Dr. Chad Sato
Hawai‘i Herald Columnist
According to Wikipedia, Obon is a Japanese Buddhist tradition that was adopted from the Chinese “ghost festival,” which honors your ancestors’ spirits. This tradition’s origin was from the story of Mokuren, one of Buddha’s disciples, who freed his mother suffering in the realm of Hungry Ghosts by giving offerings to Buddhist monks who completed their summer retreat on the fifteenth day of the seventh month. Upon her release, Mokuren saw his mother’s past selflessness and sacrifices she made for him, which prompted him to dance with joy for her kindness, hence “Bon Odori” or “bon dance.” Through the years, this holiday has brought families together for the intent of visiting and cleaning their ancestors’ graves in remembrance of their sacrifices and kindness. Since Obon occurs in the summer heat, dancers wear yukatas, light cotton kimonos, and the festivities are celebrated with rides, games, dance and food. Obon usually ends with Okuribi, a ritual that uses the guidance of fire to send their ancestors’ spirits back to their spirit dwellings.
A unique celebration of life
Obon’s tradition is about honoring your ancestors and ensuring that you are helping those that have transitioned. Why not only honor our ancestors, but those loved ones who are still yet living? A few years back I was invited to a celebration of life for a gentleman who had not yet transitioned, and he had invited all the people in his life that he connected with through the years. He requested no gifts even though it was his birthday, but instead asked for everyone to share a memory of him – a personalized eulogy. He sat on the stage with lei and whoever wanted to share a fond memory was passed a microphone to express their sentiments. What followed was nothing but heart-felt gratitude and a deep love for a selfless individual who inspired so many just by him being authentic and helping others to see their potential and to believe in their own greatness. Though I had not personally met him until that evening, there were a lot of tear-jerking moments, and I found myself with a deep profound admiration and respect for this humble gentleman. It truly is surprising why we rarely take the time to celebrate and honor those who bring meaning into our lives. Even extended family members we sometimes only see at either family weddings or funerals.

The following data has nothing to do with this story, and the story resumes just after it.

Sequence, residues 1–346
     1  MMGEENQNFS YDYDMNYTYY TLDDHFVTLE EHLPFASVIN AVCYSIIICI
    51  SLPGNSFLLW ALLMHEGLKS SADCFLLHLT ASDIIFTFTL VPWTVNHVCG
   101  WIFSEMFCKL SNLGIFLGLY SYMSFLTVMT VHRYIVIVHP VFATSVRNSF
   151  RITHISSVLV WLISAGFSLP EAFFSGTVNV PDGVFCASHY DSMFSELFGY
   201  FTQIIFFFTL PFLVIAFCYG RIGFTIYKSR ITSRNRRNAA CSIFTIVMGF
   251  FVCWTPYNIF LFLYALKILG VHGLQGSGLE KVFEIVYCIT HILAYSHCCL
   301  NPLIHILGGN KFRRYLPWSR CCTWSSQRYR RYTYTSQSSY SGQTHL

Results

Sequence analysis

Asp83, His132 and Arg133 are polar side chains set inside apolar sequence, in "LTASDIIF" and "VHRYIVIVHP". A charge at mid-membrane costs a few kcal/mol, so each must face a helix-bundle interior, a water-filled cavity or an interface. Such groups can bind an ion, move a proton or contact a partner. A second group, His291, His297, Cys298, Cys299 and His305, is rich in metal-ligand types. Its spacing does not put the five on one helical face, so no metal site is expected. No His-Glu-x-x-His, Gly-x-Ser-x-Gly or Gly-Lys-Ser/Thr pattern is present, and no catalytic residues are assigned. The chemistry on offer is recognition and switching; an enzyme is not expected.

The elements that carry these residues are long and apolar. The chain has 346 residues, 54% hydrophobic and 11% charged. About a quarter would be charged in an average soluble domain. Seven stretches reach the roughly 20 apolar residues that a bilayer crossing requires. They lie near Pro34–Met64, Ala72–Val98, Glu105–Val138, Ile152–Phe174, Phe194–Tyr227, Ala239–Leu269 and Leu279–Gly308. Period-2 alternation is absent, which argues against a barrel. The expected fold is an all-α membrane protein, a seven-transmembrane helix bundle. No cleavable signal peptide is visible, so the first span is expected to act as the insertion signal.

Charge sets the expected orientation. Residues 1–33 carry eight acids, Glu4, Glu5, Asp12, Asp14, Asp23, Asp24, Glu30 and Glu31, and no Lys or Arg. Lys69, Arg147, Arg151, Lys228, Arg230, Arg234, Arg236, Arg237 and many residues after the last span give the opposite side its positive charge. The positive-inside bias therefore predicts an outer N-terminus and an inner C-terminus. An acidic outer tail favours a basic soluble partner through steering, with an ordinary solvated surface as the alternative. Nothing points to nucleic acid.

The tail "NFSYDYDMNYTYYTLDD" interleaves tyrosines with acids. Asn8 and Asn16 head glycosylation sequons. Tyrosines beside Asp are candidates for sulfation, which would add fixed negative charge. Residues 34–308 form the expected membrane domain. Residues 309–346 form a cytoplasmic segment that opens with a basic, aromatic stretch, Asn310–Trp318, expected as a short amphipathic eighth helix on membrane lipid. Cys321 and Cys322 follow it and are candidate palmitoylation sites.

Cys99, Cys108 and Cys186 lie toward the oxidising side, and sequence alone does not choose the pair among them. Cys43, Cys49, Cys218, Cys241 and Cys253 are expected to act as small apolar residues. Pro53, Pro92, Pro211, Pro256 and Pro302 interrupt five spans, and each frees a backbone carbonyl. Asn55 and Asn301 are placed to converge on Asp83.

Why wait ‘til later?
With the ever-so-present threat of COVID-19 and its variants and subvariants, it’s important to honor your ancestors but more importantly honor those loved ones in your life who are still alive. Over the past few months, I have been hearing multiple stories from clients and friends share the tragic loss of a loved one unexpectedly due to COVID-19 or from mental illness and depression. Just know that it’s never too late to reach out to a beloved friend, family member or someone who puts a smile on your face while they are still physically here. This is my challenge to you: call, text, email or send “snail mail” to someone that you have not connected with in a while and express your gratitude for the way they have impacted your life. In an indirect way, this honors your ancestors because you are “paying it forward,” and if it wasn’t for your ancestors, you wouldn’t be in existence today.
Ganbatte … Good or Bad?